Iowa Basketball: B10 Preseason Basketball Power Ranking

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A preseason basketball power ranking of the Big Ten conference

Iowa basketball officially starts their season in a little less than a week. The Iowa Hawkeyes’ first game is at home against Kennesaw State on November 11. Although, Iowa enters the 2016-17 season with lower expectations than last year.

The Big Ten will again be considered one of the toughest basketball conferences in the nation. Five teams start the season in the AP Poll top-25, with a couple of more receiving votes and possibly sneaking in with strong starts to the season. Despite the numerous teams in the ranking to start the year, Wisconsin is the only team to crack the top-10, coming in at nine.

The idea of which teams are contenders and which are in a developmental year is evident, but there’s no real clear-cut favorite this year. With four teams in the top-15, it’s hard to count anything out.

Here is a look at each team in the Big Ten and where they stand in the conference heading into the year with just a week away.

Also, a rating in parentheses out of 10 based on how likely they are to make the tournament. 10 means they’re in and zero means there’s no way they’ll make it. The number will fluctuate as the season goes on.

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No. 14 – Rutgers Scarlet Knights (1)

Usually teams that are bad in football look forward to basketball season. Well, Rutgers is one of the unlucky schools that are at the bottom of the conference in both major sports. The Scarlet Knights won just one conference game a year ago and finished 7-25.

To make matters worse, Rutgers suspended 2015-16 leading scorer, Corey Sanders, for the first four games of the season for violating team rules. Sanders averaged 15.9 points, 4.3 rebounds and 1.8 steals per game last season, and that will be a big loss for Rutgers early.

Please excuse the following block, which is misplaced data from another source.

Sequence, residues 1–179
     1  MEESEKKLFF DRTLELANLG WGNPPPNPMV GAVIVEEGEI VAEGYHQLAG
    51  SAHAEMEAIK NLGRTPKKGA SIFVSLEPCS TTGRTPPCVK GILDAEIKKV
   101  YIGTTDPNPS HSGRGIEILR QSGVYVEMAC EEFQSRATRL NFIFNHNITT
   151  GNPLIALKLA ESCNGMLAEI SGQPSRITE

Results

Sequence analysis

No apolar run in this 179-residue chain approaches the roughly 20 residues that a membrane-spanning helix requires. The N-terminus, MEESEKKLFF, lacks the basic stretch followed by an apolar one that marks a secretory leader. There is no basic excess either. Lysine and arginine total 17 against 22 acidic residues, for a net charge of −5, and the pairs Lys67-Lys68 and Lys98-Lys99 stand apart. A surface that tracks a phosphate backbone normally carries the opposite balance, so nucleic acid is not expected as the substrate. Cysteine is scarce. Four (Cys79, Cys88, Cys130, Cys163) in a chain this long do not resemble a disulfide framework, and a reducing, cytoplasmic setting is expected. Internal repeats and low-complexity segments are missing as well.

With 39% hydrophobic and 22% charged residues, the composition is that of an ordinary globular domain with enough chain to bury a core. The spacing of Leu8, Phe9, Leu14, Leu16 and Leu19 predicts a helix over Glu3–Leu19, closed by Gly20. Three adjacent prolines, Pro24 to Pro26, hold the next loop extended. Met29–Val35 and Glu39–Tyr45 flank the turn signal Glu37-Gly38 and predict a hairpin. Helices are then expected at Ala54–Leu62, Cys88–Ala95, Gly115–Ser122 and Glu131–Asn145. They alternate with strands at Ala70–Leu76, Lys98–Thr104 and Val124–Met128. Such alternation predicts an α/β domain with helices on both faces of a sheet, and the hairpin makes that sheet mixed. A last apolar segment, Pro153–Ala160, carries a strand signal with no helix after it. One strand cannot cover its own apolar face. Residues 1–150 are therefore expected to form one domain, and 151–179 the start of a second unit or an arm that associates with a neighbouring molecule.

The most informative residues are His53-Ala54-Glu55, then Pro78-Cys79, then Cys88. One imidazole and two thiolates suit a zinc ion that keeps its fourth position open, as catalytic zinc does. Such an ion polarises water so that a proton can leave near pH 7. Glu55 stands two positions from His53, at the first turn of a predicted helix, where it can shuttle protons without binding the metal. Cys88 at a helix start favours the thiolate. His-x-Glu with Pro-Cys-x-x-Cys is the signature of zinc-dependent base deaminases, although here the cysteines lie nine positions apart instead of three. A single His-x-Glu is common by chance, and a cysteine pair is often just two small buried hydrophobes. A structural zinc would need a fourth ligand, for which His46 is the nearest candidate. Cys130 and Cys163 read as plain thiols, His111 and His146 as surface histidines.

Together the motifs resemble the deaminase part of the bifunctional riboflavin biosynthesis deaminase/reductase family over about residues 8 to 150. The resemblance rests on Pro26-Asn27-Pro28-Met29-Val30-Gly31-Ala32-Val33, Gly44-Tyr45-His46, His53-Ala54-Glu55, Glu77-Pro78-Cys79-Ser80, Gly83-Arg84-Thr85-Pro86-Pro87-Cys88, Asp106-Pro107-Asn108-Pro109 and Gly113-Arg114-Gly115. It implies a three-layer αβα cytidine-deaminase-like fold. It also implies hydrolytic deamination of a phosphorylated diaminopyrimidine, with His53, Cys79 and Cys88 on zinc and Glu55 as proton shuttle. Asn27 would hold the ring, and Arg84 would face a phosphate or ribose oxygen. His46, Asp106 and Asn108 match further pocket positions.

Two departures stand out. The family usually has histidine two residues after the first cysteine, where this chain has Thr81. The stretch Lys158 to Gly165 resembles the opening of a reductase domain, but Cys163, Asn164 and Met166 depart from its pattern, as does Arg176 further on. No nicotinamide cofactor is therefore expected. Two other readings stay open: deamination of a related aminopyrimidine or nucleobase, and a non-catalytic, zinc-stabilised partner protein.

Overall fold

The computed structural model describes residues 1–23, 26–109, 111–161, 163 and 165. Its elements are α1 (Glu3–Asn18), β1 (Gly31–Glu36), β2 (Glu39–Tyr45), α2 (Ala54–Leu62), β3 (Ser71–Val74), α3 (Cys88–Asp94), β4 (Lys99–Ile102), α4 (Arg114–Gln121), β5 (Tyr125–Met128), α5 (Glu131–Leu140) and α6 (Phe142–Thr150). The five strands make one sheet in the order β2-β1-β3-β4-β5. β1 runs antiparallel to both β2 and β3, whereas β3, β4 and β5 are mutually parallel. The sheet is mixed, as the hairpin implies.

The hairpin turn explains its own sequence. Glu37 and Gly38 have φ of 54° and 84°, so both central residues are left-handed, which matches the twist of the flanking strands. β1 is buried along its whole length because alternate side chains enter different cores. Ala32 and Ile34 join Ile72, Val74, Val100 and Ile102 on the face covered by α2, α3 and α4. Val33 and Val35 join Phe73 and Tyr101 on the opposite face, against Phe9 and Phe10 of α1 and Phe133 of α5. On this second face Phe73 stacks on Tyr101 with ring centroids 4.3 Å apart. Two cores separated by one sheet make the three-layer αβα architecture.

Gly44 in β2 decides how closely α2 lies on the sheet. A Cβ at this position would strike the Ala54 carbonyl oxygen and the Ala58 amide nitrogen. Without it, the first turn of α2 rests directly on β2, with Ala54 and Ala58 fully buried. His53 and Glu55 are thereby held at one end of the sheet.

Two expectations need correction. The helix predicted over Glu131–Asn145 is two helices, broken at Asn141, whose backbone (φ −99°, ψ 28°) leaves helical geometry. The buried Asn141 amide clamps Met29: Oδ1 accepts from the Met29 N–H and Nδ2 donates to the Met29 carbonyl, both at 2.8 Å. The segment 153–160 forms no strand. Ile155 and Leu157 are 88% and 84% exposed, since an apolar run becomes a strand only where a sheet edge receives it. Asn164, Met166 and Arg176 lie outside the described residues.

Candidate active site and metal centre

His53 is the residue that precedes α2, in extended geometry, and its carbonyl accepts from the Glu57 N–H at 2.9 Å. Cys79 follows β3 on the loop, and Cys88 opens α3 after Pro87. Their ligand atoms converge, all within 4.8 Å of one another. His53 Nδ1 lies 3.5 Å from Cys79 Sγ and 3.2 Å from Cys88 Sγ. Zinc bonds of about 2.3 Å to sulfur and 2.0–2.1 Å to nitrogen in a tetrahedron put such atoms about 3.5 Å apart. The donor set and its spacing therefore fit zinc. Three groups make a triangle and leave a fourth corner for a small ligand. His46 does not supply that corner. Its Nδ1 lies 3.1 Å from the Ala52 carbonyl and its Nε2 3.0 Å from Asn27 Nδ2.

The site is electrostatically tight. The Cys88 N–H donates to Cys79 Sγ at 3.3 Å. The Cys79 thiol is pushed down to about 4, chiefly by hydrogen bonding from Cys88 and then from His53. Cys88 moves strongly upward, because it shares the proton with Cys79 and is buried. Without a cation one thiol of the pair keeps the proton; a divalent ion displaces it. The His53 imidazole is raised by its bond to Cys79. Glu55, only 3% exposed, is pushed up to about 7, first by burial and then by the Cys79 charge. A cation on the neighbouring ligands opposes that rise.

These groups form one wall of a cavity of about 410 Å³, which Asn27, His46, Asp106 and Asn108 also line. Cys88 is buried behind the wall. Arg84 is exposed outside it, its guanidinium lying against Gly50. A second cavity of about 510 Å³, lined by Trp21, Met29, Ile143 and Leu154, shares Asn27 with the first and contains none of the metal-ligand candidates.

Molloy, Drexel, DePaul and Niagara are all winnable games for the Scarlet Knights, even without Sanders, although that’s not the part of their schedule that they’re worried about. The Big Ten still seems too big for Rutgers right now, especially since their recruiting class only included one three-star recruit or better.

Three-star forward Issa Thiam should help Rutgers, but he’s not a superstar who will take Rutgers to the NCAA Tournament, or even make them a respectable team in the Big Ten, as a freshman.

That being said, aside from losing their top rebounder in D.J. Foreman, Rutgers returned a solid amount of their rotation. That should help them reach double-digit wins, but Eddie Jordan still have a long ways to go.

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No. 13 – Nebraska Cornhuskers (2)

Nebraska has won at least 15 games in three of the last four seasons and was ranked just two years ago, also making the NCAA Tournament three years ago. Despite all the recent success, the Cornhuskers are expected to take a huge step back from their respectable 16-18 record a year ago.

Shavon Shields graduated and Andrew White III transferred, leaving Nebraska without their two best players from a year ago. Shields and White were Nebraska’s top scorers and rebounders last year, with Shields also leading the team in assists and ranking second in steals.

Nebraska hopes that their two-three star recruits help, but Tai Webster is the main player who needs to step up for Nebraska this year. Last year, in 27.7 minutes per game, Webster led the team in steals, ranked third in points and fourth in rebounds, assists and blocks.

He has the talent to turn into Nebraska’s go-to-guy, although how quickly that will occur is the question. Besides, Webster alone can’t lead the Cornhuskers to massive success.